Essential Python Packages for the Web Scraping Toolbox in 2022

Python is known for being able to do many different things due to the versatility of the programming language. One thing Python is particularly well-known for is its ability to receive data over the Web using the requests package (more information can be found here).

The requests package enables users to perform basic HTTP requests using methods such as GET, POST, etc. These methods can be used for sending and receiving data over the Web and for accessing various resources (e.g. JSON, CSV, HTML files).

Furthermore, requests support the ability to add parameters and header information to simulate the behaviour of a web browser such as Chrome or Firefox. In most cases, requests is used to receive the raw HTML document generated by a web server which, in turn, can be parsed to extract or “scrape” the relevant information. The combination of requesting and parsing a HTML document from a web server produces a web scraper.

While the requests package can do many things, it can’t parse HTML documents. For this reason, a separate HTML parser is needed. This blog post focuses on four of the most widely-used and well-known Python packages for parsing HTML documents which are essential to your web scraping toolbox in 2022.


Ideal for simple tasks

BeautfulSoup is the go-to package for many Python web scrapers. It’s easy to install and get going plus, it integrates well with requests. The BeautifulSoup website says that “it commonly saves programmers hours or days of work” which is certainly the case when it comes to web scraping. It also supports many different types of parser (including HTML and lxml).

BeautfulSoup can be installed by running the following command…

$ pip install beautifulsoup4

Once installed, BeautifulSoup can be used to start scrapping. In this case, the following code is used to extract all hyperlinks (anchor tags) from a website.

import requests
from bs4 import BeautifulSoup
URL = ''
r = requests.get(URL)
soup = BeautifulSoup(r.text, 'html.parser')
links = soup.find_all('a')
links = [l['href'] for l in links]print(links)


Ideal for large websites

Unlike BeautifulSoup, Scrapy is an entire web scraping framework designed for scraping data at scale as opposed to simple tasks like the one shown above. Scrapy provides a lot more in terms of functionality by comparison.

The Scrapy framework allows you to scrape data through the use of “web spiders” – a small script designed to collect data and traverse hyperlinks as and when they are discovered on the page. This is particularly ideal for websites/blogs which support pagination.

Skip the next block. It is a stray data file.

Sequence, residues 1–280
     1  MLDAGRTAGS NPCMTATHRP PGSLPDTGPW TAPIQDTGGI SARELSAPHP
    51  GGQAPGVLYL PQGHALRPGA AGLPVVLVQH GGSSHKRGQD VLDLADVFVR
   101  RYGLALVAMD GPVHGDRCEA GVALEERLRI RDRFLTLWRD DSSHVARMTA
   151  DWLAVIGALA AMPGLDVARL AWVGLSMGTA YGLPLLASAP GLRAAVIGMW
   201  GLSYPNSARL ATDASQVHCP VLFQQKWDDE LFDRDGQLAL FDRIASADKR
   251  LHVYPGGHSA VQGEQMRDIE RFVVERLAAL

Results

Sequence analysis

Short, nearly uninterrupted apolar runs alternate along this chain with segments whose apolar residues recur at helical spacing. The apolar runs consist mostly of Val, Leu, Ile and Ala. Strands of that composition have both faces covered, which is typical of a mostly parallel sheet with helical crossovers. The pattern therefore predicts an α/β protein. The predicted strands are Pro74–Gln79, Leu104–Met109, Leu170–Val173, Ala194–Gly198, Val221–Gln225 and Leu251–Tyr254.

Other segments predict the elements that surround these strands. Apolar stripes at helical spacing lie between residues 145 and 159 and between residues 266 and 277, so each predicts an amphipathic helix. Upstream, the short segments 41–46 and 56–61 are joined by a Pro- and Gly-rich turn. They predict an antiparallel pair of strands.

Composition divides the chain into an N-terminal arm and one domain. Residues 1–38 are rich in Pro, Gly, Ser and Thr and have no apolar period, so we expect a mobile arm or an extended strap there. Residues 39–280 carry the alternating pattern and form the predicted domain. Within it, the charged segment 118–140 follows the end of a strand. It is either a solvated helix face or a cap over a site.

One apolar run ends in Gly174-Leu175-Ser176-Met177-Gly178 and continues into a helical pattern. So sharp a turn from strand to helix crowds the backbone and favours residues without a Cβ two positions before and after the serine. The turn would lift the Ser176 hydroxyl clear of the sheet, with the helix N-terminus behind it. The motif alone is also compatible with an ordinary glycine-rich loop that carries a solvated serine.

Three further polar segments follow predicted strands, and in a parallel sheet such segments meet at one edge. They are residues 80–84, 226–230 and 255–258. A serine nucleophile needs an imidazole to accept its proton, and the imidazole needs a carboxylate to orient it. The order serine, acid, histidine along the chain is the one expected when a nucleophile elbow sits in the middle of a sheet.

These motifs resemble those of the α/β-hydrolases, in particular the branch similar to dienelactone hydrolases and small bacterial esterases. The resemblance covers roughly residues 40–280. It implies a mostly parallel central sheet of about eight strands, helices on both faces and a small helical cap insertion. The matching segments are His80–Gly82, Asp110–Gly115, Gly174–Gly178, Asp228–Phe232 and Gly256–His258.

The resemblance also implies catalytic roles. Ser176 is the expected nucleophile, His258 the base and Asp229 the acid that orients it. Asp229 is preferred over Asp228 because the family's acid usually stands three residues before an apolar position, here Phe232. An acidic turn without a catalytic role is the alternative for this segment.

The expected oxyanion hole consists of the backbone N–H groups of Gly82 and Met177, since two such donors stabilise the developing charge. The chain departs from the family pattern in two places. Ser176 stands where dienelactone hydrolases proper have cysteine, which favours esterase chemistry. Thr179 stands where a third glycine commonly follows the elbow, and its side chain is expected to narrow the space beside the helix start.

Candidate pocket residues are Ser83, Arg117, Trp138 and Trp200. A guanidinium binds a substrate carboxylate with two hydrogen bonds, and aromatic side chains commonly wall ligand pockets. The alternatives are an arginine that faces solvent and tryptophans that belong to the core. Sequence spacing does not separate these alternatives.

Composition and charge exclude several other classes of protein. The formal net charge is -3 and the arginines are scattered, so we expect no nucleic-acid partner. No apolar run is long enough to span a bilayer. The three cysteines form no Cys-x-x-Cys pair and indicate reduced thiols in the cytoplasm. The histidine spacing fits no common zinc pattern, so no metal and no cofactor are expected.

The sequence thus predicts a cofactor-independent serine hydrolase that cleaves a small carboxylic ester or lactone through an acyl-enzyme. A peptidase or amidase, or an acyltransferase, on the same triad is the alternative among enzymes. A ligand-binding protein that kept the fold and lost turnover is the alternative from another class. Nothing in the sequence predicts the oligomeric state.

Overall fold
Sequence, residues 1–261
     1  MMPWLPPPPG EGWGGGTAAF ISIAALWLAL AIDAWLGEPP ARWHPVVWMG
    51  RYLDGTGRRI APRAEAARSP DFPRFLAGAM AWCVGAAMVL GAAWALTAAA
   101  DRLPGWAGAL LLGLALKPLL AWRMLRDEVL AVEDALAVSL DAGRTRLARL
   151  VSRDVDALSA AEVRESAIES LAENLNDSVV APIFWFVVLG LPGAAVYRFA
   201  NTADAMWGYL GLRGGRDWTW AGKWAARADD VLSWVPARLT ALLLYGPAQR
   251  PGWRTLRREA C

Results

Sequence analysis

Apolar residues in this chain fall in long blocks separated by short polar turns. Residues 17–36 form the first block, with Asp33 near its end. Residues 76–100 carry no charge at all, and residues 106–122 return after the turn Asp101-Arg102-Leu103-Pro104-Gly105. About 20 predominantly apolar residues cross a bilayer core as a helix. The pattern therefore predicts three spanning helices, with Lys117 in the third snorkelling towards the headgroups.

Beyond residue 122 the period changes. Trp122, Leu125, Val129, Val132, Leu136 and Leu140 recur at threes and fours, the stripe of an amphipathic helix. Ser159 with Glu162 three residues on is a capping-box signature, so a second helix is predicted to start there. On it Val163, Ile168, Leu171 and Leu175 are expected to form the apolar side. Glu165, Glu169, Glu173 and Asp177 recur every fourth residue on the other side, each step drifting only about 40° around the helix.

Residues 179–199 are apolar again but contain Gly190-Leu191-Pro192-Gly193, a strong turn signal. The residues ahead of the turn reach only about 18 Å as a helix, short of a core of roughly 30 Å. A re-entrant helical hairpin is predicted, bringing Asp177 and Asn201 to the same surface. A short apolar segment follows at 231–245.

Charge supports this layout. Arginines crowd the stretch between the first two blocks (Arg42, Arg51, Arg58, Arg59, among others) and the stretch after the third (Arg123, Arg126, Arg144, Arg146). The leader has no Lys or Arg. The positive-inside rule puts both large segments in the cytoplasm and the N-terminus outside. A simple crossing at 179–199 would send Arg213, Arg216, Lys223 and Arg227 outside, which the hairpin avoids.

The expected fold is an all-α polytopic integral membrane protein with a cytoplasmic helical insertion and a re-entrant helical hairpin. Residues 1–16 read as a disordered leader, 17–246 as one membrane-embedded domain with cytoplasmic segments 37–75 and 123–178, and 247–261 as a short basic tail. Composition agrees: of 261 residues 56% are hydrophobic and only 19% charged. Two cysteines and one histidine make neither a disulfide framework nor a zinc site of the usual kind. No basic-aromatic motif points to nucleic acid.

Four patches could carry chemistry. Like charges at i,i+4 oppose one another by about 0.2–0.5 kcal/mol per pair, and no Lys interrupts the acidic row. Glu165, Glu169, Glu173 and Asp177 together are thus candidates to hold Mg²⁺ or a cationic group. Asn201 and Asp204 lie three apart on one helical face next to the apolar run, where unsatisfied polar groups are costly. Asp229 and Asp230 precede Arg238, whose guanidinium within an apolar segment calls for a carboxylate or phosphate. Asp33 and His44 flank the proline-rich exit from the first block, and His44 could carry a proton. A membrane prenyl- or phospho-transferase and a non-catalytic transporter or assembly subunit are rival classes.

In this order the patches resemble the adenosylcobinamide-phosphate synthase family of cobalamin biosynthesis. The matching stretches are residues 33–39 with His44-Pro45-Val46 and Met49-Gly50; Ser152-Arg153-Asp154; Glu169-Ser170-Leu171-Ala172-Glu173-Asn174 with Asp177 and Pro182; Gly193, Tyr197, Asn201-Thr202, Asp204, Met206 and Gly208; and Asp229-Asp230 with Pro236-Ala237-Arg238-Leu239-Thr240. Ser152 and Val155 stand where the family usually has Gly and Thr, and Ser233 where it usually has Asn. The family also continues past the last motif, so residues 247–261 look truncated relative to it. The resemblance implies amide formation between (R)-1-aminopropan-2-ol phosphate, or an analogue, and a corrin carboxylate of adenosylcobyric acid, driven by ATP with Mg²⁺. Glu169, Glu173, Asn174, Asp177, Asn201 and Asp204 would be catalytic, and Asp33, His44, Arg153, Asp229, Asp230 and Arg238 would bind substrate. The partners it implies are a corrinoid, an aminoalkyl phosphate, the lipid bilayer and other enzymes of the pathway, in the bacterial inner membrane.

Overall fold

In addition to this, Scarpy web spiders can be deployed to Zyte Scrapy Cloud a service which allows you to upload and run your web scrapers in the cloud meaning that you can get on with other tasks as your websites are being scraped.


As seen in a separate post, pandas can be used to retrieve CSV, HTML and JSON files from a remote. Although pandas isn’t strictly considered a web scraper, it does have web scraping capabilities in the form of the read_html() function.

The read_html() method allows you to scrape the contents of data stored in a HTML table on a website. This is particularly ideal if you’re working with tabulated data as it saves you the trouble of formatting the data later on.


Ideal for dynamic websites

One of the problems with traditional web scraping, due to the way modern web applications are designed, is that many of the components rendered on the page are dynamically produced using JavaScript executed at runtime.

This can be a bit of a challenge meaning that data can not be scraped without using a full web browser to render the HTML and execute any JavaScript code running in the background. In this case, requests will fail as it is designed to retrieve static HTML.

This is where Selenium comes in.

Up till this point, HTTP requests have been made headlessly meaning that the raw HTML document is collected without being rendered. Selenium is designed to control a web browser by interacting with it via a driver using Python as the operator.

As a result of this approach, Python code can be written to retrieve data using the XPATH language as it is displayed in the web browser. This makes it possible to scrape data from dynamically-produced content.


In summary, this blog post mentions four essential Python packages for scraping data off the modern web. By using a combination of the tools mentioned in this blog post, you can build your web scraper depending on what you would like to archive.

For relatively simple and easy tasks, I would highly recommend using BeautifulSoup as it is easy to configure with very few lines of code. If you are scrapping data across multiple pages on a website (e.g. a blog or an online shop), scrappy would be your best option as it scales better and is well-suited for complex tasks and large websites. If you are scrapping tabular data, use the read_html() method built into Pandas. And finally, for dynamic websites dependent on Javascript, use Selenium.